Proving the Business Case for the Internet of Things

Novartis to help commercialize Google smart lens tech

Iain Morris
July 16, 2014
Swiss pharmaceuticals giant Novartis says it has signed an agreement with Google to license the internet giant’s “smart lens” technology for medical use.

The terms of the deal were not disclosed, but Novartis (Basel, Switzerland) believes the Google (Mountain View, CA, USA) technology will give its Alcon eye-care division a major advantage over rivals.

The deal is still subject to the approval of relevant antitrust agencies.

In a statement, Novartis indicated that it saw Google’s expertise in the miniaturization of electronics as complementary to its own capabilities in pharmaceuticals and the medical devices industry.

“We are looking forward to working with Google to bring together their advanced technology and our extensive knowledge of biology to meet unmet medical needs,” said Joseph Jimenez, the chief executive of Novartis. “This is a key step for us to go beyond the confines of traditional disease management, starting with the eye.”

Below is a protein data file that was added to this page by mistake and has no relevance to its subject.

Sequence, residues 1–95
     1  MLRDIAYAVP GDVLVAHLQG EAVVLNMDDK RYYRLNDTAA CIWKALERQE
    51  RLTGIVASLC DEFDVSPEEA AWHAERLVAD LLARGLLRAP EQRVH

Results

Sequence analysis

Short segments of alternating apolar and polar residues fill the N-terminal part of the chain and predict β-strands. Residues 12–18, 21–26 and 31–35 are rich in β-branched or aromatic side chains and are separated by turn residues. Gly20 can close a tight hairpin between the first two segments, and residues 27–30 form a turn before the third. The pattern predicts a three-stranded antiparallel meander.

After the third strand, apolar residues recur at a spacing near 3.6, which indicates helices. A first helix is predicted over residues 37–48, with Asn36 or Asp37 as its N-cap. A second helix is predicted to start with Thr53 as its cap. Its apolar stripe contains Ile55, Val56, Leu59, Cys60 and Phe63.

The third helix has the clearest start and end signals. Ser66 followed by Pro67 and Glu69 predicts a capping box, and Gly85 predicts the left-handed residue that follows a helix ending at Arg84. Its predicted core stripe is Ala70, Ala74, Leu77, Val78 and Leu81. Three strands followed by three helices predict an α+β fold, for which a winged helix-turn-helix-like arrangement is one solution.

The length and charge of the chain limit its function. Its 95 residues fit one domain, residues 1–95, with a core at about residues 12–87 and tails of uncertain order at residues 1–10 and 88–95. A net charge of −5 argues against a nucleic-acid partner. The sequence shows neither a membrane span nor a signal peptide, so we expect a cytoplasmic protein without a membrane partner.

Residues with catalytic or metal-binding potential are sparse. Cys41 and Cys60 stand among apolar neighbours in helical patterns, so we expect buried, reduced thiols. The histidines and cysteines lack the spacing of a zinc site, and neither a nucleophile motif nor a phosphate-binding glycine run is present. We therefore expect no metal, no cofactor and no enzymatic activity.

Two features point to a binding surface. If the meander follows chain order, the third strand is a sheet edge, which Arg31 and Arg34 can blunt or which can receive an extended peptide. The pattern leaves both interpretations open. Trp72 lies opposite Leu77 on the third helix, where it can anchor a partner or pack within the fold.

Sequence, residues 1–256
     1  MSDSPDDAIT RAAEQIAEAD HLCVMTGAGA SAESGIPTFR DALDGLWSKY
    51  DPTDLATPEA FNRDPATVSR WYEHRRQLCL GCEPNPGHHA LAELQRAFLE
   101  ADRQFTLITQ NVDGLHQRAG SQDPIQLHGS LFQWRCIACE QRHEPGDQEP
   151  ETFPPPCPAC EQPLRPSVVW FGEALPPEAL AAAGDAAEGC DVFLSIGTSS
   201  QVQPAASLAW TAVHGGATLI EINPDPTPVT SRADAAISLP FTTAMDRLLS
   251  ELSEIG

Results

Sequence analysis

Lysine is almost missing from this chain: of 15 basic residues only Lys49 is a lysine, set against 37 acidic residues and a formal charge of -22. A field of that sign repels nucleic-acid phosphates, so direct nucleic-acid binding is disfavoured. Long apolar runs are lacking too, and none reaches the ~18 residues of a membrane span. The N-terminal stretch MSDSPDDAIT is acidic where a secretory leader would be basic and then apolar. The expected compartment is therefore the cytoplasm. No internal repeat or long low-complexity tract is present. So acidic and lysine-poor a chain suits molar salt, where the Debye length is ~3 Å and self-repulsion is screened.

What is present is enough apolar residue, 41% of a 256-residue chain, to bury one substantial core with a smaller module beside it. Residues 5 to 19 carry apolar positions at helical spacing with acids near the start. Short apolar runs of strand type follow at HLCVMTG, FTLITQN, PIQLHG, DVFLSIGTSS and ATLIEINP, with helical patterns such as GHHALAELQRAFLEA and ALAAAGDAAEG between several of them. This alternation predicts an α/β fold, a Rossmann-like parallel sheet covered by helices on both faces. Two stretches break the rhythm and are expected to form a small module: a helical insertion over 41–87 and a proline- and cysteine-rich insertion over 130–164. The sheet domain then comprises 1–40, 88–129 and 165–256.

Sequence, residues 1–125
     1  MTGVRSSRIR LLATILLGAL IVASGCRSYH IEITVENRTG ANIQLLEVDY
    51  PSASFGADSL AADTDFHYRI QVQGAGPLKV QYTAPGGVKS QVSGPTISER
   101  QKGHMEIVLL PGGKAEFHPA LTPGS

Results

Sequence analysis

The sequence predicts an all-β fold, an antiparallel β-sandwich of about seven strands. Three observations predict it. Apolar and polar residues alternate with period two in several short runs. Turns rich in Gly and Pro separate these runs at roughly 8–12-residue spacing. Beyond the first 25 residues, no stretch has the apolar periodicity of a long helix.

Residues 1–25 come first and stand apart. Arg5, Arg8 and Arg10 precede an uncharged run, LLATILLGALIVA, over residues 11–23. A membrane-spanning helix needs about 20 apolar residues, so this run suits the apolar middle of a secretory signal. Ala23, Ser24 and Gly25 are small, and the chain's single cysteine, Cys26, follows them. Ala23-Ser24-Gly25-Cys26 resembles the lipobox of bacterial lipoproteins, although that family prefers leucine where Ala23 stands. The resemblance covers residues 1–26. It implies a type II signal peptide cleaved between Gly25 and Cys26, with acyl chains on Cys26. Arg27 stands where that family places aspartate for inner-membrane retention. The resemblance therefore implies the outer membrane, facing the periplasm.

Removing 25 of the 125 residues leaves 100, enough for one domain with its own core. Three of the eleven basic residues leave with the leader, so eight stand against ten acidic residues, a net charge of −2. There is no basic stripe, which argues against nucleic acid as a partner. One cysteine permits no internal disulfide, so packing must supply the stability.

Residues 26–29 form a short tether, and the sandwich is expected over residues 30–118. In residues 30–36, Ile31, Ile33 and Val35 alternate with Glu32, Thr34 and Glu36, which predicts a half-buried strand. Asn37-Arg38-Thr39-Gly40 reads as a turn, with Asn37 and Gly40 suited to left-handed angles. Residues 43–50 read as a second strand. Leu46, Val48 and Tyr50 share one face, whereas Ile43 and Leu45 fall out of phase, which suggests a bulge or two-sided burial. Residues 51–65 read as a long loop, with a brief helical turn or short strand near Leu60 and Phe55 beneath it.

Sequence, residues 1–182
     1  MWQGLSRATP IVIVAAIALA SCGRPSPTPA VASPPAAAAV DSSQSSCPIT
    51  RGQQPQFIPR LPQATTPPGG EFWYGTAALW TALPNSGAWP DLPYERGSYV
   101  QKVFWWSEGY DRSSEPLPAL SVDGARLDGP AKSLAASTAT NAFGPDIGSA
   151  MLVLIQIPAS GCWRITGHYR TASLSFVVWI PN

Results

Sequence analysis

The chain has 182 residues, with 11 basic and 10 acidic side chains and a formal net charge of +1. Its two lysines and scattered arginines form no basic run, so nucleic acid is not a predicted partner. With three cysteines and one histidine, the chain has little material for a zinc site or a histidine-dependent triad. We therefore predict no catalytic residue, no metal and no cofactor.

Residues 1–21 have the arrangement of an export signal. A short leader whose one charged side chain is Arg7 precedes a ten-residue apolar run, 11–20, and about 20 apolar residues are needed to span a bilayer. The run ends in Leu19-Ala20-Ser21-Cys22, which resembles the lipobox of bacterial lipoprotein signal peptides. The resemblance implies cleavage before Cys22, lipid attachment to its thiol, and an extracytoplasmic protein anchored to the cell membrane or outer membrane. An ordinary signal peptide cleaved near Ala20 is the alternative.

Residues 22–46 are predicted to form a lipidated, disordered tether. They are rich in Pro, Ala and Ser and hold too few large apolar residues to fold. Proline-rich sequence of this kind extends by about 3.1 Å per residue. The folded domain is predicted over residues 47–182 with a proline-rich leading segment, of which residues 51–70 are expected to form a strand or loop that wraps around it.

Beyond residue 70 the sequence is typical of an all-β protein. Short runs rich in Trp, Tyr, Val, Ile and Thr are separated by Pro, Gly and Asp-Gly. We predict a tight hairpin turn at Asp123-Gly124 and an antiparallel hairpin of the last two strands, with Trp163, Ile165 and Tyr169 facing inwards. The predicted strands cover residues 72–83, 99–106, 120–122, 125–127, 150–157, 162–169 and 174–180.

Google co-founder Sergey Brin added that miniaturization of electronics could help improve the quality of life for “millions of people”.

The two companies are to work on developing a more sophisticated smart lens with the potential to address ocular conditions.

Smart lens technology involves using non-invasive sensors, microchips and other miniaturized electronics that are embedded within contact lenses.

Novartis says the technology could be used to help diabetics patients manage their disease and also to restore some vision to people suffering from presbyopia and no longer able to read without glasses.

Smart lenses could be used to measure glucose levels in diabetics in a minimally invasive way, with the lens measuring tear fluid in the eye and relaying data about this to a mobile device.

For presbyopia sufferers, the lenses could provide what Novartis calls “accommodative vision correction”.

Using an intraocular lens as part of refractive cataract treatment, caregivers could help restore the eye’s natural autofocus on near objects, says Novartis.

“Alcon and Google have a deep and common passion for innovation,” said Jeff George, the division head of Alcon. “By combining Alcon’s leadership in eye care and expertise in contact lenses and intraocular lenses with Google’s innovative “smart lens” technology and groundbreaking speed in research, we aim to unlock a new frontier to jointly address the unmet medical needs of millions of eye care patients around the world.”

As noted in a report from Reuters, Google is in fierce competition with Apple (Cupertino, CA, USA) and Samsung (Seoul, South Korea) for partners that could help adapt its wearable technology into healthcare aids.
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